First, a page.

Schroeder returns to direct project of a lifetime
Former Life Span Institute Director and Professor Emeritus Stephen Schroeder is exuberant these days. As the principal investigator of a new National Institutes of Health Fogarty International Center grant, he is fulfilling a lifelong dream to research disability prevention and oversee the first early intervention program for disability in Peru with LSI’s Peruvian affiliate, Centro Ann Sullivan del Perú (CASP).
LSI began collaborating with CASP in 1983 and made affiliation official in 1990. At first, KU offered scientific expertise to CASP. This collaboration was so successful that Schroeder now hopes that there will be a way of packaging the family-oriented lifelong education CASP model for the United States.
With the Fogarty grant, Schroeder can continue his lifelong engagement with an old foe: severe aberrant behaviors in people with intellectual disabilities.
Aberrant behaviors or self-injury, aggression and stereotyped behavior, are some of the most devastating neurodevelopmental disorders (ND), Schroeder explains, because they lead to deteriorating health and, sometimes, early death, prevent community integration and job retention and impair learning and socialization.
The project will screen 1000 infants and toddlers ages 6 to 36 months. Schroeder expects to nd 250 who are at risk for ND, about half of whom are also likely to be at risk for aberrant behaviors. The project will follow 100 or more of them at six-month intervals for 12 months with in-depth interdisciplinary pediatric, psychoeducational, behavioral, neurological and genetic assessments to see if the children develop aberrant behaviors. The results of this early identi cation program will be followed by a five-year project grant on early preventive intervention of aberrant behavior building on the existing excellent psycho-educational program and distance learning network at CASP.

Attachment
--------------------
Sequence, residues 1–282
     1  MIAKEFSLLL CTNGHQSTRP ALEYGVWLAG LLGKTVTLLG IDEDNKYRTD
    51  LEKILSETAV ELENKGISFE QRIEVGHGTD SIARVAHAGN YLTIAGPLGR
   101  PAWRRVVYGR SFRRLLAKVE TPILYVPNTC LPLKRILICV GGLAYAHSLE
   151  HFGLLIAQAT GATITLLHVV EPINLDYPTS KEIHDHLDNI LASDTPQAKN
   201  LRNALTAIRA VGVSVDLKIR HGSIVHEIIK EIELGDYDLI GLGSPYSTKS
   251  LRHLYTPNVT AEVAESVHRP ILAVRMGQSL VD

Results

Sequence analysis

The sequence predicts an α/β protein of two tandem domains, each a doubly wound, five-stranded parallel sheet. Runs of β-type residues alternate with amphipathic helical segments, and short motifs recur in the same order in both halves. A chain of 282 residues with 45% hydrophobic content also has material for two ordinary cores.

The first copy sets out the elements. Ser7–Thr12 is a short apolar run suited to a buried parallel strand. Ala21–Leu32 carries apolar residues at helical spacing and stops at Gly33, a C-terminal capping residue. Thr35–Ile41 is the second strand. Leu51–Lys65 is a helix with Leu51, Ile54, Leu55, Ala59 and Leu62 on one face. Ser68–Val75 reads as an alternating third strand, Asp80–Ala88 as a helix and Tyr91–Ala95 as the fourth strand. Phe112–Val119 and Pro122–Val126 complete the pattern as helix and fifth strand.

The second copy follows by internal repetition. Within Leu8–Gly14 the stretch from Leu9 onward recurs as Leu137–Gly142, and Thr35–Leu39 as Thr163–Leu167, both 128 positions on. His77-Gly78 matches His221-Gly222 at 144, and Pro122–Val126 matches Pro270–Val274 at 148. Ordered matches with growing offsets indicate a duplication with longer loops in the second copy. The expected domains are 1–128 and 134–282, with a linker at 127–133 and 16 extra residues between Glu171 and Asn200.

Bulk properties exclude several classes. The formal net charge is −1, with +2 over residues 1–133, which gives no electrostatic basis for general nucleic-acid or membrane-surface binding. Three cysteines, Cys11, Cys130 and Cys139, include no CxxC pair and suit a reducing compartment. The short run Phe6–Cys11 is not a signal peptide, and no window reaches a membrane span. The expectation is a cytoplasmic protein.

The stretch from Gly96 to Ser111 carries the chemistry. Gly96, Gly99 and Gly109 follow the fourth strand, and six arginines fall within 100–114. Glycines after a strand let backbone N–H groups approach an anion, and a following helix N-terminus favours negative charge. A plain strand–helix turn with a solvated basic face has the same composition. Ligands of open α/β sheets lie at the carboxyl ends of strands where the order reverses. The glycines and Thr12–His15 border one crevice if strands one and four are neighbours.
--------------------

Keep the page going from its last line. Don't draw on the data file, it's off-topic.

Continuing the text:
Schroeder proposes that they will find differences in the development of aberrant behavior due to sociocultural practices and health issues, such as uncontrolled environmental pollution, in Latin America.
“In Peru, like many other countries, there is no entitlement for disability,” Schroeder said. “We plan to develop a risk algorithm that will permit a cost-effective effort at early preventive intervention that can be replicated throughout Latin America, across the CASP distance learning network and beyond, for young children with these extremely debilitating problems.”